Celtic Salt

- Sep• 10•12

Celtic salt is sea salt. Sea salt is no different than table salt if you compare the sodium chloride content. And you know that salt kills! That basically sums it up. I have addressed this issue in two separate blogs referenced below.

Celtic salt claims to be salt from a particular region in the Mediterranean coast of France. The promoters claim Celtic salt to be superior to other sea salts because of its special mineral content.

There are several problems with this promotion.

For starters there is no independent validation of the claim that this salt actually comes from the coast of France. There is also no independent validation of the contents.

These two issues are important because of the lack of sufficient oversight over the under-regulated dietary supplement industry. Once a particular name is popularized by propaganda, mass production can be done from anywhere.

As far as the health claims of the additional minerals supposedly present in Celtic salt, after extensive research a second time around, I am unable to come up with any published data in the medical field to support these claims. The alternative physicians who are quoted as recommending Celtic offer no documentation of research or proof.

I am particularly concerned about the claim in the propaganda material that Celtic salt is useful for people suffering from high blood pressure or diabetes. These are the two the deadliest health problems for millions of Americans. Even the skeptics against restriction of salt consumption agree that people with high blood pressure or diabetes should consume very little salt (the current recommendation is 1500 mg a day). Salt under any disguise will hurt far too many people. So many agencies worldwide are working very hard to educate people about the dangers of salt. The Celtic salt propaganda works against these efforts.

Among the many minerals claimed to be present in Celtic salt, there is no validation that any of them help with human diseases. Magnesium, for example, is useful, but consuming the amount of sea salt required to get enough magnesium is dangerous. Only consuming potassium-rich fruits, such as raisins, has been shown to be beneficial for people who have high blood pressure.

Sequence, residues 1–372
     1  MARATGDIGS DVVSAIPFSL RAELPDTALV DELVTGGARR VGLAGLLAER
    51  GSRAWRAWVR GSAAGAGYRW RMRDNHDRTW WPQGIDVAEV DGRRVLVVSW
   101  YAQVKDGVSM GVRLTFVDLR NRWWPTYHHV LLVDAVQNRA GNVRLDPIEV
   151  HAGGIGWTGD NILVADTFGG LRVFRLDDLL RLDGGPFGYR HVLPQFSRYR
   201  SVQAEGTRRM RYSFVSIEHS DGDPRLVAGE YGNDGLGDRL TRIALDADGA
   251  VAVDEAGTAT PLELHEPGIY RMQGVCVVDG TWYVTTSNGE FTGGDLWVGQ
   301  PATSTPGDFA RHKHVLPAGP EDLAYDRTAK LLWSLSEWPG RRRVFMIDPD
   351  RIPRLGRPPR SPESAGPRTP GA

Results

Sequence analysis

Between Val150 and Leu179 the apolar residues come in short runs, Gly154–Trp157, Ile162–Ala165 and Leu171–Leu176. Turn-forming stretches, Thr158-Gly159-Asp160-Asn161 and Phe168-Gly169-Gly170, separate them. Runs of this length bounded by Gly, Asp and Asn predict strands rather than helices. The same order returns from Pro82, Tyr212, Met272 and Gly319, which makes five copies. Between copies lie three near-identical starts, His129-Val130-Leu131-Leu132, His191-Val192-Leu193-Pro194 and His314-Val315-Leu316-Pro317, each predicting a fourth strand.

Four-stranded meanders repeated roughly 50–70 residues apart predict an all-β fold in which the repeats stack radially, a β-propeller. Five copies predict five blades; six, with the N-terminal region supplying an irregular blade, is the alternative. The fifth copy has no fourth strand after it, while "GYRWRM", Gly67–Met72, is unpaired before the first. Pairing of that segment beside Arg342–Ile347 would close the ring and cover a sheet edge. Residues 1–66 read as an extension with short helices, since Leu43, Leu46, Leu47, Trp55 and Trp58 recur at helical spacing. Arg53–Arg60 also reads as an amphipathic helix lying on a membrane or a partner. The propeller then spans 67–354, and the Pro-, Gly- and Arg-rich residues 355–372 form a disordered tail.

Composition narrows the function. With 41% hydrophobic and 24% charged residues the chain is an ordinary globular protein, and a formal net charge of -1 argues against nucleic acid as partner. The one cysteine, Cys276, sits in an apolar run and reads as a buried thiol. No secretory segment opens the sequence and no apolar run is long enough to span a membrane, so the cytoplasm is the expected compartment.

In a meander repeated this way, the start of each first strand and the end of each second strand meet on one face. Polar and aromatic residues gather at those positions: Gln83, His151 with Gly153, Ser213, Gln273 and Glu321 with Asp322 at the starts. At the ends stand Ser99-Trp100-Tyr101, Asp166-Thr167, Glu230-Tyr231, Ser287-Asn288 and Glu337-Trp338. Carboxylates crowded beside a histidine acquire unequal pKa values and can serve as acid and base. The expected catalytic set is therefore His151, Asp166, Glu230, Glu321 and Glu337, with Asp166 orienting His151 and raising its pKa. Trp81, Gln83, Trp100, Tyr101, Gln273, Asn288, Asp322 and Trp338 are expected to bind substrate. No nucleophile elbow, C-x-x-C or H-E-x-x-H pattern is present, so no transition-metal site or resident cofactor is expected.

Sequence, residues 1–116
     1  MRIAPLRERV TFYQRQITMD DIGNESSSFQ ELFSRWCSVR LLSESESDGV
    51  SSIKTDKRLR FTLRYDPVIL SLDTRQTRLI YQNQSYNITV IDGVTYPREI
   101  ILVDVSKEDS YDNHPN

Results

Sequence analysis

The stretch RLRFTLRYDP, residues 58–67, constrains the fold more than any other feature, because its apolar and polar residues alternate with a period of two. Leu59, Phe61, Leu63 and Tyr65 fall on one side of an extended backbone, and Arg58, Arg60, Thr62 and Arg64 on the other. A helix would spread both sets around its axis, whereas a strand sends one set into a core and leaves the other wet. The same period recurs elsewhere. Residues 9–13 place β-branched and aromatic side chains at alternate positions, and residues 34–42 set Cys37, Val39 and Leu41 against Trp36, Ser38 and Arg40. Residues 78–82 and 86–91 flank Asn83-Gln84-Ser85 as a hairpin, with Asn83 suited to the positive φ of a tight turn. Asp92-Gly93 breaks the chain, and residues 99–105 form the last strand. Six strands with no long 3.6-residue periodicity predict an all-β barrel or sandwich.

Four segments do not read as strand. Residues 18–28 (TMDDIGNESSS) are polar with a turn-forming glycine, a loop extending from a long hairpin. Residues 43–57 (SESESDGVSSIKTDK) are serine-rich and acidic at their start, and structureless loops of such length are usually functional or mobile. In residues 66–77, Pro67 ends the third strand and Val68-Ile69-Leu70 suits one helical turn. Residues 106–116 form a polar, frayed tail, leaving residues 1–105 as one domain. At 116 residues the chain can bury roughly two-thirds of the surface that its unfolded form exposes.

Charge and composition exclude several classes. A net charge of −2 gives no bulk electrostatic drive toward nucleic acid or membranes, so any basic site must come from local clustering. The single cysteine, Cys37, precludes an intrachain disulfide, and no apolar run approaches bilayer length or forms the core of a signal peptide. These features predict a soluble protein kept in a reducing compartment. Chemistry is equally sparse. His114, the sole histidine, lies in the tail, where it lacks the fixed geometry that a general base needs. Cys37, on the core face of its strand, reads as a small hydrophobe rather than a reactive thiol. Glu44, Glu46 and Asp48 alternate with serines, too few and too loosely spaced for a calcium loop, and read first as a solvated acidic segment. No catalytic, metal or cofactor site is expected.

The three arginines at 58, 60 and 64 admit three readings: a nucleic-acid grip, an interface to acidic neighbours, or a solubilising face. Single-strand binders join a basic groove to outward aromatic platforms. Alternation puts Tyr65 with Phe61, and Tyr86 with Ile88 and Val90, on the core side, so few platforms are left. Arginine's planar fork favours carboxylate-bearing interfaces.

I am even more concerned with regards to the Yoga Research Foundation (YRF) and Swamiji’s name associated with Celtic salt. People often seek Ashrams, Sages and Saints, Temples and pilgrimages out of desperation that stems from dealing with hardships in life. Some of these people regress into what is described as irrationalism. They are prime targets for exploitation. If you look at the TV programs and news magazines dedicated to religious matters, you will see how they are bombarded with many of these advertising campaigns promoting unproven and disproven therapies simply to make a quick buck. (If you can fool some people all the time and all the people some of the time, you have it made).

Swamiji does not encourage superstition. Having been blessed by him for so many years, I can emphatically say that becoming his devotee does not mean you become irrational or accept irrationalism.

As Swamiji has said many times, proper understanding and application of philosophy is not in conflict with science. As I see it, put it simplistically, when adding two plus two, you will get four. It is always four; that is science. But from the social responsibility and philosophical perspective, there may be problems with dealing with “four”. So you may decide not to ever add two and two. But you cannot get away for too long with promoting the idea that two plus two is not four.

An event that occurred in July 2012 will put my concerns in focus. Water was dripping from the feet of the statue of Jesus at Our Lady of Velankani Church in Mumbai, India. Desperate gullible people were lined up to have a chance to drink this water which they believed to be a miracle of God that would cure all their ailments. Further investigation by suspicious rational individuals revealed that the water dripping from under statue was coming from a nearby bathroom drain that was clogged. Instead of being concerned about making innocent people drink sewage water, the church authorities were very upset to the point of threatening a law suit against the people who busted their dubious miracle.

A large number of visitors to YRF are on multiple medications for high blood pressure and other preventable illnesses. The American Heart Association and the American Medical Association are among the many international healthcare organizations advising salt restriction. Any association of the harmful propaganda of Celtic salt with the visitors to the Ashram who come seeking spiritual guidance from Swamiji is not right.




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  1. Thank you for this insight, Dr. Neravetla. I had been wondering about sea salt and it makes sense that salt is salt. What a powerful example you used to show how authority figures and media can lead us astray. We all must take responsiblity for our own health and I appreciate you providing the facts in your blog posts and book.

  2. Karen says:

    Thanks for proving that there information on the internet is not always reliable or comes from reliable sources. I know that you can find information that will prove your stand if you look hard enough, but it is not always credible or reliable. I trust that your references are credible.  Thanks your friend Karen

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